Markers of disease severity are associated with malnutrition in Parkinson's disease
MetadataShow full item record
Objective In Parkinson's disease (PD), commonly reported risk factors for malnutrition in other populations commonly occur. Few studies have explored which of these factors are of particular importance in malnutrition in PD. The aim was to identify the determinants of nutritional status in people with Parkinson's disease (PWP). Methods Community-dwelling PWP (>18 years) were recruited (n = 125; 73M/52F; Mdn 70 years). Self-report assessments included Beck's Depression Inventory (BDI), Spielberger Trait Anxiety Inventory (STAI), Scales for Outcomes in Parkinson's disease - Autonomic (SCOPA-AUT), Modified Constipation Assessment Scale (MCAS) and Freezing of Gait Questionnaire (FOG-Q). Information about age, PD duration, medications, co-morbid conditions and living situation was obtained. Addenbrooke's Cognitive Examination (ACE-R), Unified Parkinson's Disease Rating Scale (UPDRS) II and UPDRS III were performed. Nutritional status was assessed using the Subjective Global Assessment (SGA) as part of the scored Patient-Generated Subjective Global Assessment (PG-SGA). Results Nineteen (15%) were malnourished (SGA-B). Median PG-SGA score was 3. More of the malnourished were elderly (84% vs. 71%) and had more severe disease (H&Y: 21% vs. 5%). UPDRS II and UPDRS III scores and levodopa equivalent daily dose (LEDD)/body weight(mg/kg) were significantly higher in the malnourished (Mdn 18 vs. 15; 20 vs. 15; 10.1 vs. 7.6 respectively). Regression analyses revealed older age at diagnosis, higher LEDD/body weight (mg/kg), greater UPDRS III score, lower STAI score and higher BDI score as significant predictors of malnutrition (SGA-B). Living alone and higher BDI and UPDRS III scores were significant predictors of a higher log-adjusted PG-SGA score. Conclusions In this sample of PWP, the rate of malnutrition was higher than that previously reported in the general community. Nutrition screening should occur regularly in those with more severe disease and depression. Community support should be provided to PWP living alone. Dopaminergic medication should be reviewed with body weight changes.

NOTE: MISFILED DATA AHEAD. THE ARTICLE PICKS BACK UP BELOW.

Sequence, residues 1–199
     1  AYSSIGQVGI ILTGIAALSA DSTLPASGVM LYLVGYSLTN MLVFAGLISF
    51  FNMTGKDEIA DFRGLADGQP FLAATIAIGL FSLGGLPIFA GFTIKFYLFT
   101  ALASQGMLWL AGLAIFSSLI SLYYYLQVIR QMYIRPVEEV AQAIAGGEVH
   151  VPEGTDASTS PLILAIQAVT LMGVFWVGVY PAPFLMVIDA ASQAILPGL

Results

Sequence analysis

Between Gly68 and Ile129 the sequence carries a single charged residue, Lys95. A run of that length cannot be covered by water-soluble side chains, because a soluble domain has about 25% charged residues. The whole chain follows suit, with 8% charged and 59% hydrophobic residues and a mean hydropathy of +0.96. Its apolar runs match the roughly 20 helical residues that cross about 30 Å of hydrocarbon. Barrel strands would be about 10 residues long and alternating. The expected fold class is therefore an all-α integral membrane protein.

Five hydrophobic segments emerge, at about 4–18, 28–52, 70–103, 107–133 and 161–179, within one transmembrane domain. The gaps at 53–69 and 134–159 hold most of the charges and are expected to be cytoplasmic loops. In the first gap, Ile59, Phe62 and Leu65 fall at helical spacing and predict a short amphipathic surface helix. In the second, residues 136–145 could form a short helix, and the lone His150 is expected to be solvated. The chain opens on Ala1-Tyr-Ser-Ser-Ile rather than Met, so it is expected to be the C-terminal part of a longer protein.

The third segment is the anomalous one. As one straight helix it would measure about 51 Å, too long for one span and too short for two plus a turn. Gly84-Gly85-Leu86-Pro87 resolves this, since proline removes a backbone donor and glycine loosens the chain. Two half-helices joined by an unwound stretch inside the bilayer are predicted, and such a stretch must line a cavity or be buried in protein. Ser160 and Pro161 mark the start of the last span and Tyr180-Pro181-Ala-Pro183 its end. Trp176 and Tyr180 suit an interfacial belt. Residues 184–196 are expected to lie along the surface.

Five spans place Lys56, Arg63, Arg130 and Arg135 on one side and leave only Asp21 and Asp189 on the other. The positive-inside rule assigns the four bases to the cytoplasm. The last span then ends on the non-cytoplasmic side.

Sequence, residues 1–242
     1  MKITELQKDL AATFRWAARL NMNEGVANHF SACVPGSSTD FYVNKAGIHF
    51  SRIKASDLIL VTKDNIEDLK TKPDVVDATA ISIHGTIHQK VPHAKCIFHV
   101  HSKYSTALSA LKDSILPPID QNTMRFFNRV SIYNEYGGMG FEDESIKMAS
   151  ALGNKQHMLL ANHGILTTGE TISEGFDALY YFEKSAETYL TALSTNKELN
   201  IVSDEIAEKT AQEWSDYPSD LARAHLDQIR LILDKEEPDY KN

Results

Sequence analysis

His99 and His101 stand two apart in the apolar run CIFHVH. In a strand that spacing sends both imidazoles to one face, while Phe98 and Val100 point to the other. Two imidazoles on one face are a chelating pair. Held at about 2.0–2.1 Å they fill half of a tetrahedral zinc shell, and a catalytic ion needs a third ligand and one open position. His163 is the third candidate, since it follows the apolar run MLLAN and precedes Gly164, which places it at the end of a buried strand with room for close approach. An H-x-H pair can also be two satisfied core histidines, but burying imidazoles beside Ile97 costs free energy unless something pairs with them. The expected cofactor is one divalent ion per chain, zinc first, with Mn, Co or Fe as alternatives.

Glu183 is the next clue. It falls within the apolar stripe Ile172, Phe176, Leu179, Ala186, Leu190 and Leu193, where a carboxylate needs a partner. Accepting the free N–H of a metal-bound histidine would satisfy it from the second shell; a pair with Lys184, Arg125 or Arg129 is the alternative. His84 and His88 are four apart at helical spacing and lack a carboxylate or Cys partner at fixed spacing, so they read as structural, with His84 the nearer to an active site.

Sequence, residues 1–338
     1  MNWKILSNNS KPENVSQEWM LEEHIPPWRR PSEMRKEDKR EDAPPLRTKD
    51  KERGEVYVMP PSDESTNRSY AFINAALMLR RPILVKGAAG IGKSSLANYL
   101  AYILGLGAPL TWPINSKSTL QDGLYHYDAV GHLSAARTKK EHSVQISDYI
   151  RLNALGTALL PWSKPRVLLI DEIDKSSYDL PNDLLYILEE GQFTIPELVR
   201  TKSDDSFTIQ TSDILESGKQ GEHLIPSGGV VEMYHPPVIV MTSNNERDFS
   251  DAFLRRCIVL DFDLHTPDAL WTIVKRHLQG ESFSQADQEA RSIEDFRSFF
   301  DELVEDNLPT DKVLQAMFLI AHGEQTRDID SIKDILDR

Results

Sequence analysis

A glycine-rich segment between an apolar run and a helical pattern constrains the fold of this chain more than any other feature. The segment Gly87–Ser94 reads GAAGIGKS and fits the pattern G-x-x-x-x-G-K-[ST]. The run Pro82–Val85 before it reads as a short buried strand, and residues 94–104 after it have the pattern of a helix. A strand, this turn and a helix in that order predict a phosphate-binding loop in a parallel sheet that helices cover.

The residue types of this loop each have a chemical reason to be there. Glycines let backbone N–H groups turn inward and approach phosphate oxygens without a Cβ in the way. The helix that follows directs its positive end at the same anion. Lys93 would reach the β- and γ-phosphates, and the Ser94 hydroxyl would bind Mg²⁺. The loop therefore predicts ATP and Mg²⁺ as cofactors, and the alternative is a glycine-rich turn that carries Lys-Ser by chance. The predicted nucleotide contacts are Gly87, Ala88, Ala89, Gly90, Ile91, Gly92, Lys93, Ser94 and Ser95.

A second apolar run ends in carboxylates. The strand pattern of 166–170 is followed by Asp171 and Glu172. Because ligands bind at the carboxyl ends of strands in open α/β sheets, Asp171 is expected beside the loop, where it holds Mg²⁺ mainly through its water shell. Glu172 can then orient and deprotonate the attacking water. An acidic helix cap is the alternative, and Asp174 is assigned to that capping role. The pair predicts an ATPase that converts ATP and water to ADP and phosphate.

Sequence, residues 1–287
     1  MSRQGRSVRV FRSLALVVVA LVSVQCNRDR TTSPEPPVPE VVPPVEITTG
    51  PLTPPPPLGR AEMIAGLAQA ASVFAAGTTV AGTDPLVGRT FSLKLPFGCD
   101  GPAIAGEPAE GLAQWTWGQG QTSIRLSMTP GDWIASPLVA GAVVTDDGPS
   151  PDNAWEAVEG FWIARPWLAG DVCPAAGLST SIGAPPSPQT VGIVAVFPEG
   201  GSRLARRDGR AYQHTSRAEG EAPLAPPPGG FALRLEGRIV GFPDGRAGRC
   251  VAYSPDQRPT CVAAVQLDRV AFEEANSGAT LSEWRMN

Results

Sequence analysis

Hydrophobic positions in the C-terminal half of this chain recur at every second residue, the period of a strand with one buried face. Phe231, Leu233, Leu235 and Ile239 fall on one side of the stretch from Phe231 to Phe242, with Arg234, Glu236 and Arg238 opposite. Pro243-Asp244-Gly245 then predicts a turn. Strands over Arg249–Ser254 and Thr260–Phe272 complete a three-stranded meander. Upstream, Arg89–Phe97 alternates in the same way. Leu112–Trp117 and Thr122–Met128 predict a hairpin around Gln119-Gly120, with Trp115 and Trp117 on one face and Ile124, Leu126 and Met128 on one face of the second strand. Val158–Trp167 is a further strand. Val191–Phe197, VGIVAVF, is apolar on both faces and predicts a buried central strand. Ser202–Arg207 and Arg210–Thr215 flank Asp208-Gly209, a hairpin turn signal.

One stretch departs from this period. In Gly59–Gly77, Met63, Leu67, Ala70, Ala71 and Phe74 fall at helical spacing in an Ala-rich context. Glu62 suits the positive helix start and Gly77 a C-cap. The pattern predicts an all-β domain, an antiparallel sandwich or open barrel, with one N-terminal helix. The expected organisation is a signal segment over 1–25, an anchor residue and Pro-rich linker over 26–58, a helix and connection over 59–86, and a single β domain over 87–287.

© 2013 Sheard et al. This is an Open Access article distributed under the terms of the Creative Commons Attribution License CCAL. (http://www.plos.org/journals/license.html)
Neurology and Neuromuscular Diseases